Two Rutgers-Newark Professors Are Named Fulbright Scholars, Awarded Study-Abroad Grants

Add This

Two faculty members from  Rutgers University have been awarded Fulbright Scholar grants that will allow them to teach and do research abroad during 2010, one in Iceland, the other in Peru.  Dr. Jyl Josephson  and Dr. Laura Lomas  will join 1,200 U.S. experts traveling abroad this academic year through the Fulbright Scholars program, the flagship academic exchange program of the U.S. government.  The Fulbright grants are administered through the Council for International Exchange of Scholars, a division of the Institute of International Education.

Josephson, an associate professor, political science and women’s and gender studies, will teach the Politics of Sexuality at the Centre for Women’s and Gender Research (RIKK) at the University of Iceland in Reykjavík, the nation’s capital, from  January through May 2011. The course will introduce Icelandic students to gender and public and social policy and politics in the American context, while Josephson will study gender policies and politics in Iceland, a Nordic country known for its progressive views on gender equality. Josephson also will research “how the Icelandic Center has succeeded in linking women’s and gender studies scholarship with public scholarship related to gender equality in Iceland.”

Lomas,  associate professor, English Department, will lecture and do research at one of the oldest universities in the Americas, the Universidad Nacional  Mayor de San Marcos, in Lima, from March through August.  She will teach a course in U.S. literature and a graduate seminar in Latin American literature, while also writing a biography of a Peruvian woman writer who lived in New York in the 1890s, Amalia Puga.   Lomas also will conduct research for her second book.  Drawing upon research in late nineteenth-century periodicals for her first book, Translating Empire: José Martí, Migrant Latino Subjects and America Modernities (Duke 2008), this project focuses on the cultural, political and economic connections among the Americas in the late 19th century, a period that Lomas calls the “transamerican Gilded Age.”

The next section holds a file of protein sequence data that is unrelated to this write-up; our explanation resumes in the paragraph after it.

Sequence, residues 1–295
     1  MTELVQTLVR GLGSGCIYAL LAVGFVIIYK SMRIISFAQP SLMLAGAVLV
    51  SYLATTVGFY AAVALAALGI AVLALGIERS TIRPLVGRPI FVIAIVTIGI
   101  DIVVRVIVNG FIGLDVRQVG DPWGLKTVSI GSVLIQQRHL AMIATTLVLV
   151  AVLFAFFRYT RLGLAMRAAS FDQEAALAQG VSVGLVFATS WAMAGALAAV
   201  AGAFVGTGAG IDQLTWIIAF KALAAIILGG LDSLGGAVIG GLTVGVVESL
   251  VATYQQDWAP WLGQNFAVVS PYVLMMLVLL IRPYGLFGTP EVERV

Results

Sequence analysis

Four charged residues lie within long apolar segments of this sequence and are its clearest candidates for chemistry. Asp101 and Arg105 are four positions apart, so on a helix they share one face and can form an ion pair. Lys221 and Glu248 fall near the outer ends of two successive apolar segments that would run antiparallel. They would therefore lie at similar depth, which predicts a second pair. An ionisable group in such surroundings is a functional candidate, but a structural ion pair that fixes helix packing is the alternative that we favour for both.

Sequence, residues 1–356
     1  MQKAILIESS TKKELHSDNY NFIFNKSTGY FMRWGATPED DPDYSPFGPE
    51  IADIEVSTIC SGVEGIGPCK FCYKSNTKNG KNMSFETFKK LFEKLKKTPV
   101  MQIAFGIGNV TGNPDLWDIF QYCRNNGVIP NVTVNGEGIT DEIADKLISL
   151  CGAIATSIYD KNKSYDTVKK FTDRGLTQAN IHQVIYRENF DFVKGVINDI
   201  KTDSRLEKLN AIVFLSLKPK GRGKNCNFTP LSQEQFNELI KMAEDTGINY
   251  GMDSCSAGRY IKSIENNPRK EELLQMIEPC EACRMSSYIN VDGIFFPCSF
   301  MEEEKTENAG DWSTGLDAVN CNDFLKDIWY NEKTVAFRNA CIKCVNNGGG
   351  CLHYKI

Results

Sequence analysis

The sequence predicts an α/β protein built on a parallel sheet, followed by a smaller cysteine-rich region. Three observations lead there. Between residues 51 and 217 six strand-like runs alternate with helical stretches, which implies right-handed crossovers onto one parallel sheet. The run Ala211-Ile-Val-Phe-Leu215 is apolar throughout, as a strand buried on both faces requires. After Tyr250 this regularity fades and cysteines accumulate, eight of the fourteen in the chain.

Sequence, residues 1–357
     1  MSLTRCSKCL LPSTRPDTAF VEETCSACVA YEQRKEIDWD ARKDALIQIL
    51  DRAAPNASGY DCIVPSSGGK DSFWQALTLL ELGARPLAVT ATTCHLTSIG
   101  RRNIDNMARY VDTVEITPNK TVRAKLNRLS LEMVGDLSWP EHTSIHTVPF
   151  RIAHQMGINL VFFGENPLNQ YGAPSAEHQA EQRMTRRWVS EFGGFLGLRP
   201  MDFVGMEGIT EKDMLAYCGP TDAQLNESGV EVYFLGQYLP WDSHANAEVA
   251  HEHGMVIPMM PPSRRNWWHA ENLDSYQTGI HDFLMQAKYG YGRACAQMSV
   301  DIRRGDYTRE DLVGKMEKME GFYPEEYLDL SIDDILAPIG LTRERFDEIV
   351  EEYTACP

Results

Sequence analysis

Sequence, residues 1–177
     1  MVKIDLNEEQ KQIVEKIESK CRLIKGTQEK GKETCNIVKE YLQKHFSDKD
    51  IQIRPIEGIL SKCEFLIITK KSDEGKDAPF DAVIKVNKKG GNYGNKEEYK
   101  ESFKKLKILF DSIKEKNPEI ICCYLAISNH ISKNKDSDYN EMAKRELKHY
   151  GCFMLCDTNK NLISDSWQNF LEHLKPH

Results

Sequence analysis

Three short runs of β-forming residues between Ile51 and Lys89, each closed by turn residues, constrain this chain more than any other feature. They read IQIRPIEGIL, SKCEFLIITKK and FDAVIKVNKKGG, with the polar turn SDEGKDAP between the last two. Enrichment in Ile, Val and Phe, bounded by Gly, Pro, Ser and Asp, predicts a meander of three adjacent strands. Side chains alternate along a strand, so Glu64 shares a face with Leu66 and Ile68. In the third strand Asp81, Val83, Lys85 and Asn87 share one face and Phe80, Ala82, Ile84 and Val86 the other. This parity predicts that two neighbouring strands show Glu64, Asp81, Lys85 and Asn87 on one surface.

Both Lomas and Josephson are members of the Faculty of Arts and Sciences at Rutgers-Newark. Lomas teaches both undergraduate and graduate classes, including courses  in comparative literature, literature of the Americas, and women’s literature, while Josephson has both developed and taught courses in feminist theory and feminist methods; gender and public policy; gay, lesbian, bisexual, and transgender politics; political theory, public administration, public and social policy, and American politics, also at the graduate and undergraduate levels.

Josephson, a Jersey City, N.J., resident, holds a bachelor of arts degree from Gustavus  Adolphus College, St. Peter, Minnesota;  a master of public administration from the University of Baltimore, Maryland; and a doctoral degree in government and politics from the University of Maryland, College Park.

Lomas, a resident of Newark, N.J., graduated from Swarthmore College, Pennsylvania, with a bachelor of arts degree, and earned her doctoral degree at Columbia University, New York.  She is a native of Bellevue, Washington.


Rutgers-Newark is home to the Newark College of Arts and Sciences, University College, the Graduate School-Newark, Rutgers Business School-Newark and New Brunswick, the School of Law-Newark, the College of Nursing, the School of Criminal Justice, the School of Public Affairs and Administration, and extensive research and outreach centers, including the Center for Molecular and Behavioral Neuroscience. Approximately 12,000 students are currently enrolled in a wide range of undergraduate and graduate degree programs offered at the 38-acre downtown Newark campus.